An Asian gay man speaks out, at the expense of his parents discovering through the media. A Muslim teenager is exposed for hiding injuries behind a burka inflicted by her father for “kissing a girl in school”. Thai couples wanting to get married here draw suspicions from Immigration authorities of their true “intentions” in New Zealand.
You simply love these stories, don’t you, ‘mainstream’ New Zealand? Hell, even ‘gaystream’ New Zealand laps it up!
While the Herald profits, I wonder if anyone realises the sacrificial costs spent of not just these individuals, but the extent of its impact on the diverse ethnic communities in Aotearoa New Zealand.
Today marks the beginning of PrideFest, an annual gayloria calendar of events that supposedly aims to celebrate the fabulousness of Auckland’s LBGTQI community.
This time last year, I performed as part of Melting Pot Massacre at Big Gay Out. It was our first time publicly identifying ourselves as a queer & genderqueer entity to a mainstream audience, many of whom were friends, friends of friends, and families of friends of our families in our ethnic communities. We were 15-second rockstars with 15 minutes to express our stories as youth of Asian immigrant descent. For us, it was an effort to amplify the unseen, unheard or under-represented voices of others such as us. It was an unforgettable experience. Many young people approached us afterwards for autographs, and told us how much our music spoke to them.
However this year we decided not to perform at any event at PrideFest. There was some kerfuffle on their transgender policies at Heroes Out West who invited us to perform initially, and then of course Auckland Pride Parade had not considered that Asian cultures exist, in the text of their event description on Facebook (which on January 15th, I had posted “WOW NO ASIAN?” on their wall. They have, am sure, assured themselves of ractifying the situation by way of inserting the word “Asian”, in between “European” and “Pacific” cultures). Loving also the creative yet tokenist wording of how the rainbow communities are “the coloured threads”, whose “remembering our histories” will enable us to “weave through our future”.
What’s new?, sighed a group of takaatapui, fafaafiine and queer Asian feminists who resorted to ranting online and supporting ourselves amongst ourselves over this. I mean, we are only but part of the 40% of Auckland’s population according to the latest Census report.
But for how long?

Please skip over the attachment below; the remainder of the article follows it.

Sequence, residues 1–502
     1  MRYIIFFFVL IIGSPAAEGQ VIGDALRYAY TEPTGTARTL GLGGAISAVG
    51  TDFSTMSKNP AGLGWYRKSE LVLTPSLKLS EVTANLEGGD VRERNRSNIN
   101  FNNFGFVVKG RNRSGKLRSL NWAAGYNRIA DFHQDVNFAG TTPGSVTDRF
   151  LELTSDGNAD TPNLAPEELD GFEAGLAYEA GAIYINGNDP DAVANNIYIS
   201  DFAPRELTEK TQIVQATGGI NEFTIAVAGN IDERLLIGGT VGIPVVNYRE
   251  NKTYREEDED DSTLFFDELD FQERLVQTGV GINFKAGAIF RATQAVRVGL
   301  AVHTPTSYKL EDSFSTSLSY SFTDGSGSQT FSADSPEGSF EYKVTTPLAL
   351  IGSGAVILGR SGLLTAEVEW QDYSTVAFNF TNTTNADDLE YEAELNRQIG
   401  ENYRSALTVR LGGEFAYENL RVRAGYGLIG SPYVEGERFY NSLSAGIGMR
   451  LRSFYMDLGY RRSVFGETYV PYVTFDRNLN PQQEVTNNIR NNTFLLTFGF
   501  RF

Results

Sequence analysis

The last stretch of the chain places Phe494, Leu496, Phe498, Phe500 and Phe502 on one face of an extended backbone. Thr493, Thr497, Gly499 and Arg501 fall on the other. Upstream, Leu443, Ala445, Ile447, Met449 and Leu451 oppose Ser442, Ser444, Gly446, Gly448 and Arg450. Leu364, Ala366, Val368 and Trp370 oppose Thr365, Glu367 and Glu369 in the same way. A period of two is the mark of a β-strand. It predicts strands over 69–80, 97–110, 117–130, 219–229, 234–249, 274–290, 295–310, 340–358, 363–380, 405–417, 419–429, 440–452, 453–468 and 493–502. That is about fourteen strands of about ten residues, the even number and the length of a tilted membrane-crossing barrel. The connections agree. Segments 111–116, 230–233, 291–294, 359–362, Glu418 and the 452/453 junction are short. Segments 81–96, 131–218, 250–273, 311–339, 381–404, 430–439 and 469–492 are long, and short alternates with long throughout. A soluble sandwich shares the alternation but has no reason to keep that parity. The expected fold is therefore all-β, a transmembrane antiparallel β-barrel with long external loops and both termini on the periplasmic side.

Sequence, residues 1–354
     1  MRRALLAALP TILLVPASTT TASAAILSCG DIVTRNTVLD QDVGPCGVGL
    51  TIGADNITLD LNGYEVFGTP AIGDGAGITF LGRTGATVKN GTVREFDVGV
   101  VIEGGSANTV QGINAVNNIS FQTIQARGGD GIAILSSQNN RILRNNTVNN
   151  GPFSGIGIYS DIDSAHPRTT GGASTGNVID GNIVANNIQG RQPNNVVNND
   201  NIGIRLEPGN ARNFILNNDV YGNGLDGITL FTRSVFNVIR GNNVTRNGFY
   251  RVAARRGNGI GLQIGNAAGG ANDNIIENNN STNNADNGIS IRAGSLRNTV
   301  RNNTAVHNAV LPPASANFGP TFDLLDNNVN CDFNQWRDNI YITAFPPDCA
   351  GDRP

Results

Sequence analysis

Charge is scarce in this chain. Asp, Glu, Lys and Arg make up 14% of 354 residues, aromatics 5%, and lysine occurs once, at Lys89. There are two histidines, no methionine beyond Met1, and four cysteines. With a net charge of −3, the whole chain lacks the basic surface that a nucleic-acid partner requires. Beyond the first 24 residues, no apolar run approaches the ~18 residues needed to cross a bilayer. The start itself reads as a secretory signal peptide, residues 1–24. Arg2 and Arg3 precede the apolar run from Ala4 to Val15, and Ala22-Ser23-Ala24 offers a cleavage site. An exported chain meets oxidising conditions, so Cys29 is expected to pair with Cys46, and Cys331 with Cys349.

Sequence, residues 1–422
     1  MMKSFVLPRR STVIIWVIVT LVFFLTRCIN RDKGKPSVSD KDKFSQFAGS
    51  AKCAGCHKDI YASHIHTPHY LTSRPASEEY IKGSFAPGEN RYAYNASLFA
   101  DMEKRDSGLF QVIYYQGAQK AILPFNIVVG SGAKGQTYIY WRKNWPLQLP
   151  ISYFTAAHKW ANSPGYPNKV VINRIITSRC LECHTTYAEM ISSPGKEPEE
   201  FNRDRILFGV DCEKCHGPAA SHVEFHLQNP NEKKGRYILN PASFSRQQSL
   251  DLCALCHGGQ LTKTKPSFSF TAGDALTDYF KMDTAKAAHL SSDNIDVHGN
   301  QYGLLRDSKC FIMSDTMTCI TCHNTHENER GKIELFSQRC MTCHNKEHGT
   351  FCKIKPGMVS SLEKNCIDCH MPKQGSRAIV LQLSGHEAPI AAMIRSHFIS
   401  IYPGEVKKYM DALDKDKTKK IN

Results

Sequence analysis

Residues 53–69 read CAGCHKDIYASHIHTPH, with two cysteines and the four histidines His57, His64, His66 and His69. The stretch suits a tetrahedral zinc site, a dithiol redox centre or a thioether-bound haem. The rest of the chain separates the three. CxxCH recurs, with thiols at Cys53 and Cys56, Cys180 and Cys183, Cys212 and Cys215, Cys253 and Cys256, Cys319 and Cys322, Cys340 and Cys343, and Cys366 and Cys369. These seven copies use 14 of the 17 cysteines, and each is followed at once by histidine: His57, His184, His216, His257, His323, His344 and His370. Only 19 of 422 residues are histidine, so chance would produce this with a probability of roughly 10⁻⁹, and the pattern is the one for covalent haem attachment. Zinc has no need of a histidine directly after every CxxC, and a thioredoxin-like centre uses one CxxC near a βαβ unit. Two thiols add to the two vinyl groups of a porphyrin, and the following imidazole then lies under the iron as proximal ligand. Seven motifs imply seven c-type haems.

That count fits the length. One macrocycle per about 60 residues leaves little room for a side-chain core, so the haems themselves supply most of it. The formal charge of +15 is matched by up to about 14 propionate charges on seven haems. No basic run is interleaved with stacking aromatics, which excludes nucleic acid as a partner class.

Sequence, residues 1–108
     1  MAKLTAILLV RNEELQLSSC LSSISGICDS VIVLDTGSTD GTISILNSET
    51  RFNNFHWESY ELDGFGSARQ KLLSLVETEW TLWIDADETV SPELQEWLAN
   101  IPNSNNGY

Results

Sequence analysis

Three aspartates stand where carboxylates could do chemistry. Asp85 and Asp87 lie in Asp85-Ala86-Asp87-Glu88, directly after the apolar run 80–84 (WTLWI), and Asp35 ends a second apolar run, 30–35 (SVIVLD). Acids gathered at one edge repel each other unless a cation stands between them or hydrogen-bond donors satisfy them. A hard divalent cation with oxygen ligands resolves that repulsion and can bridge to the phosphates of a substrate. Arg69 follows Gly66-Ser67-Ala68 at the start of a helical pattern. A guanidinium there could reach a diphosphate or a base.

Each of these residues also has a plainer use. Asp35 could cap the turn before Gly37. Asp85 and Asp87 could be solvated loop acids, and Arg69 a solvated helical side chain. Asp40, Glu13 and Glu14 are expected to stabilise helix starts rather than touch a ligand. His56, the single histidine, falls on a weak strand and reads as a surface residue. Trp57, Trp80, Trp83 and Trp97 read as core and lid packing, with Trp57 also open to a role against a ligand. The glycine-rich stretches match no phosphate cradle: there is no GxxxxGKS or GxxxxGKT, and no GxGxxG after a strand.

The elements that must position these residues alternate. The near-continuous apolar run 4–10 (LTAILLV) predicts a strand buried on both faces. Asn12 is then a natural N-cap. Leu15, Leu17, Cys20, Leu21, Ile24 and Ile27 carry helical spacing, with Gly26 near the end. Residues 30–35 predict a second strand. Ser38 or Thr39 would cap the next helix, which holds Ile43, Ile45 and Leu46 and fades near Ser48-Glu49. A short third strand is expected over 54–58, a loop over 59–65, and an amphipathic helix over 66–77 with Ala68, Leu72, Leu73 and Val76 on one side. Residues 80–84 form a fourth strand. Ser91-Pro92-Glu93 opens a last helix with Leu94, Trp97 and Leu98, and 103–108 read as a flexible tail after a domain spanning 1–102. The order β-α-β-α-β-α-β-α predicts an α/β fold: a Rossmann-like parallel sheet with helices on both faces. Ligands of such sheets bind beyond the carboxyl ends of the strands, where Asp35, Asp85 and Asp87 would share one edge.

How long do we, as people of ethnic minorities have to put our energies into calling out within predominantly white gay-centred societies on the racism that has existed due to its failure to recognise the history of colonisation of this land and the lands that many of us have come from?
How long do we have to tolerate the ‘unintentional’ political ‘incorrectness’ of the mainstream media in churning racial stereotypes of us, the immigrant “Others” in New Zealand as exploiters of lovely New Zealand marriage equality policies, barbaric child-bashers and homophobic families?
How long do we as Asian peoples have to succumb to, and sacrifice our right to express (or not express) our gender and sexuality, in an attempt to feel like we can belong and be included somewhere (ANYWHERE!) in New Zealand?
How long do we have to hear stories of young people predominantly girls and young women, of Asian, Middle Eastern and African minorities at risk of suicide, honour-based violence, losing their lives and sense of dignity, growing up in Aotearoa New Zealand?
How long before we can truly celebrate the amazingness of a united, connected and inclusive community, that acknowledges and respects the existence of people bringing our faith and spiritual differences into the mix, rainbow and beyond?
How long before all people in Aotearoa New Zealand can actually say we are living in a society that raises all our children with the pride that our ancestors left behind and none of the prejudices they had to endure?
Until then and only then, will I and am sure many others like myself can say, we are ALL finally home here in New Zealand.
Shasha Ali, activist and vocalist of defunct all-Asian punk band Melting Pot Massacre writes on the price of challenging racism, homophobia and transphobia in New Zealand, and the non-existent benefits of such contributions.